Beach Panel Oks Variances For Eden Roc Renovation
Written by Charlotte Libov on January 12, 2006
By Charlotte Libov
Eight variances for renovation and expansion of the Eden Roc resort won unanimous approval from the Miami Beach Board of Adjustment Friday, clearing the way for a project that would place the landmark within an inch of an expanded Fontainebleau.
"I’m very pleased. This enables the project to move forward," said attorney Neisen Kasdin, representing Eden Roc officials. He said the plan needs a "relatively minor" approval from the city’s Historic Preservation Board for a detail on the southwest façade. The board preservation board was scheduled to meet Tuesday.
There was no opposition to the Eden Roc plan, although board member Herb Gosman said he was concerned that an adjacent alley would be too narrow for emergency vehicles to get to the beach. However, Mr. Kasdin said the alley is the Fontainebleau’s responsibility and there is beach access at the entrance to the boardwalk nearby.
The plan calls for partial demolishment of the 14-story hotel, including the ballroom and sports center, and construction of a 21-story hotel tower on the south portion of the property, nearest to the Fontainebleau.
Once the project is completed, the resort would have 632 hotel rooms, none of them hotel condos, Mr. Kasdin said. The number includes 349 existing hotel rooms along with 270 new rooms and 13 suites that would be housed in a separate tower.
The new tower will help "right the most famous architectural offense in the history of the City of Miami Beach’s history," Mr. Kasdin said, referring to the "spite wall," built when the Fontainebleau was constructed in 1962.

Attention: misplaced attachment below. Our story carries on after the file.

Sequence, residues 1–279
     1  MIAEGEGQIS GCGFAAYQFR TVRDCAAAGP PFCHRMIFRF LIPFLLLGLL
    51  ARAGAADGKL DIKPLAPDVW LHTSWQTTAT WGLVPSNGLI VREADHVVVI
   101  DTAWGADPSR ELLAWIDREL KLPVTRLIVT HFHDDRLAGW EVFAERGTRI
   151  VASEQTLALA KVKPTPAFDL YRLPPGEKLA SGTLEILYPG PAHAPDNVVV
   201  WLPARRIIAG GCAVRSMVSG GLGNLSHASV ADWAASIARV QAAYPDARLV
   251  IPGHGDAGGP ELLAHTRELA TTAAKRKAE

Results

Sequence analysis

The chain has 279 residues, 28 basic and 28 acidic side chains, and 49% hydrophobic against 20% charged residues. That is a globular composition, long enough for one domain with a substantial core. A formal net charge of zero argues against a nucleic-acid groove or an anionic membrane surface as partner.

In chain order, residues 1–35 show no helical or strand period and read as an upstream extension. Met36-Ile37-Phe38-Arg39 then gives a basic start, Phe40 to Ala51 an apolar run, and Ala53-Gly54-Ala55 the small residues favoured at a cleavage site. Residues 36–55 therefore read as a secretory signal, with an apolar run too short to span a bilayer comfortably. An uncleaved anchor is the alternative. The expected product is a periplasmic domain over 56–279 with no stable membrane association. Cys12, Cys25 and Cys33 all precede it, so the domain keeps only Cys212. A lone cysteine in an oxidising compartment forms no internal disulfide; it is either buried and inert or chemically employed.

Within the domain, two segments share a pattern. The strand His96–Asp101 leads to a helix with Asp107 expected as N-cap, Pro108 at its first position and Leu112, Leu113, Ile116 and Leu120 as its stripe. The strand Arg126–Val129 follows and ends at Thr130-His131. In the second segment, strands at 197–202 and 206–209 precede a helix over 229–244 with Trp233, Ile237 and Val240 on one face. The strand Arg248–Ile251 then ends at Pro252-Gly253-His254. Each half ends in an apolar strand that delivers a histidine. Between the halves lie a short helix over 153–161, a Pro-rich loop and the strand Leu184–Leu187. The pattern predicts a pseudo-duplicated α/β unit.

The blank wall reportedly was intended by Fontainebleau owners to block the sun from the Eden Roc’s pool. Now the wall will serve as a backdrop for Eden Roc’s condominium tower, part of the refurbishing. Fontainebleau officials plan to build a tower on the wall, which would put the hotels an inch apart.
The renovated Eden Roc should be ready for use by 2007, Mr. Kasdin said.
"We need the variances we are seeking today because of the spite wall," Mr. Kasdin said. "These unique circumstances dictate and have triggered the need for the variance."
Architect James Nichols of Nichols Brosh Wurst Wolf in Coral Gables is designing both the Eden Roc and the Fontainebleau projects, said Melanie Muss, a development consultant at Fontainebleau Resorts – evidence that the former rivals are working in tandem.
"The plans are incredibly exciting for the properties," she said. "They are going to be incredibly close. It’s the first time in history that there is a collaboration and a good neighborly relationship."
"When you think of it, what’s the point of there being 10 feet between them?" Mr. Kasdin said. "This will be the end of the spite wall. Peace between the Eden Roc and the Fontainebleau will reign, and everyone will live happily ever after."